Michelle Gimlin lies on a carpeted floor beside her 23-year-old daughter who sleeps on a twin bed each night. She cannot afford another bed nor is there space for it in their cramped one-bedroom subsidized apartment located in Davis, Calif.
That’s just one of the many sacrifices she makes for her 5-foot-6 daughter who weighs just 93 pounds.
Her daughter, whose name she asked not to be included to protect her privacy, has been struggling with severe anorexia for three years. Her health providers recommend that she eat 5,000 to 6,000 calories a day, but realistically Gimlin, 50, can only help her eat around 1,000, and that takes hours to accomplish.
Prior to the pandemic, Gimlin worked as a self-employed massage therapist, earning around $4,000 a month. She stopped working in March of 2020, fearing she could contract COVID-19 and spread it to her daughter who is especially vulnerable and cannot get vaccinated due to her medical condition. On top of that, she needs to be with her daughter 24/7 to care for her and ensure she eats.
Usually, self-employed workers like Gimlin do not qualify for unemployment benefits, but because of Pandemic Unemployment Assistance, a CARES act program that was extended in subsequent stimulus packages, she along with millions of other Americans with non-traditional working arrangements qualified.
Since President Joe Biden’s stimulus package went into effect in early March, Gimlin has been collecting $97 a week in PUA benefits plus an additional $300 in federal enhanced benefits.
Even though the funds didn’t cover all of her living expenses she considers them “a lifeline.”
But over Labor Day Weekend Gimlin along with some 7.5 million Americans were cut off from unemployment benefits since lawmakers did not extend them past their Sept. 6 expiration date.
That’s left her and her daughter who, is legally blind as a result of her condition and cannot work, without any income.
“It’s a perfect storm of horrible,” Gimlin told MarketWatch. “I’m terrified and sometimes paralyzed with fear and stress. The stress is insurmountable.”
“‘The stress is insurmountable.’”
MarketWatch spoke with Gimlin to better understand what the loss of unemployment benefits means for her and her daughter, who receives no support from her father who hasn’t been in the picture since she was three months old.
MarketWatch: What expenses did your unemployment benefits cover? Were you able to get by on them or were you still struggling to make ends meet?
Michelle Gimlin: I was very much struggling to make ends meet. We live in low-income housing and our rent is $735 a month for a one-bedroom apartment. With California’s COVID-19 rental-relief program I’ve been able to just pay the minimum of $200 a month for the rent but that expired after July. Now August and September rent are due.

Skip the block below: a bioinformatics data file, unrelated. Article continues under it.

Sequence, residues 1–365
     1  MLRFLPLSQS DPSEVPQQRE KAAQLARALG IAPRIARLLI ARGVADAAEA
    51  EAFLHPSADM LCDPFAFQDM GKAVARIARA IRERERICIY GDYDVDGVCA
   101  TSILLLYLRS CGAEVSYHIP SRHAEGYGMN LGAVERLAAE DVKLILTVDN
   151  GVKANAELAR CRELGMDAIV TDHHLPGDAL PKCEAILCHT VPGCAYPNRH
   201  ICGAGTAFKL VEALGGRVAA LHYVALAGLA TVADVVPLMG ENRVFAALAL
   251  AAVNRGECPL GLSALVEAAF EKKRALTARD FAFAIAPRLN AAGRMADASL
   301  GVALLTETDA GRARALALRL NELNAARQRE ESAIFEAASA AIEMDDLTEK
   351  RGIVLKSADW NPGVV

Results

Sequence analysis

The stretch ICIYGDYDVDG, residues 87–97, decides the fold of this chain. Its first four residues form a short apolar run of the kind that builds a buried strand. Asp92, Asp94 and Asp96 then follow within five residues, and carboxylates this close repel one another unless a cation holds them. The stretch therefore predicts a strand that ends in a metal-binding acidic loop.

“‘There have been times recently I knew my daughter was about to tell me we needed food and I knew I didn’t have the money’”
(Gimlin is still protected from getting evicted through the end of September, but she has already received a 30-day quit or pay notice from her landlord. She’s applied for more rental aid)
We get $400 a month in SNAP (Supplemental Nutrition Assistance Program) benefits but spend around $900 a month on groceries.
There have been times recently I knew my daughter was about to tell me we needed food, and I knew I didn’t have the money. My heart was so heavy and filled with unbearable pain knowing this and I wanted to die knowing I could not provide for her. There’s nothing worse than telling a young lady with severe, life-threatening anorexia I cannot buy her food.
MW: Do you have a plan going forward to earn more money? Have you been applying for jobs?
MG: I’m in a tough spot because massage therapy I don’t believe is safe to go back to. I’ve been trying to think of ways we can make money. For instance, last fall my daughter and I started making acorn and pinecone wreaths. I’ve been approaching grocery stores and farmers markets about selling them, and they all said yes — but not until October.
When I first started telling people about this I thought I’d still be getting some income [from unemployment benefits] but now I don’t even have the money to buy the supplies to make the wreaths.
“‘I wouldn’t need pandemic unemployment if my daughter wasn’t ill and the pandemic didn’t happen’”
I literally cannot leave my daughter alone. She has to eat six times a day and each meal takes hours and grocery shopping takes three hours — it’s really, really painful painfully slow.
I’ve tried to talk to people about my situation but it’s really awful because they’re like, ‘Just get a job you could work from home and just do anything or do even DoorDash
’ and I’m like, ‘I can’t. She’s ill.’
MW: Is there any glimmer of hope that helps you get through the most difficult days? Is there anyone or anything that you turn to?
MG: No, there isn’t. And the bad days seem to get worse all the time. We ask ourselves constantly ‘How are we doing this?’ We don’t even know how we’ve survived this long.
We’re motivated people I wouldn’t need pandemic unemployment if my daughter wasn’t ill and the pandemic didn’t happen. But I feel like a terrible mom I want to be able to provide for her. I can’t help but think if she had a different family she’d be doing a lot better.
Gimlin started a GoFundMe to raise money to cover the cost of around-the-clock care at a treatment center for her daughter.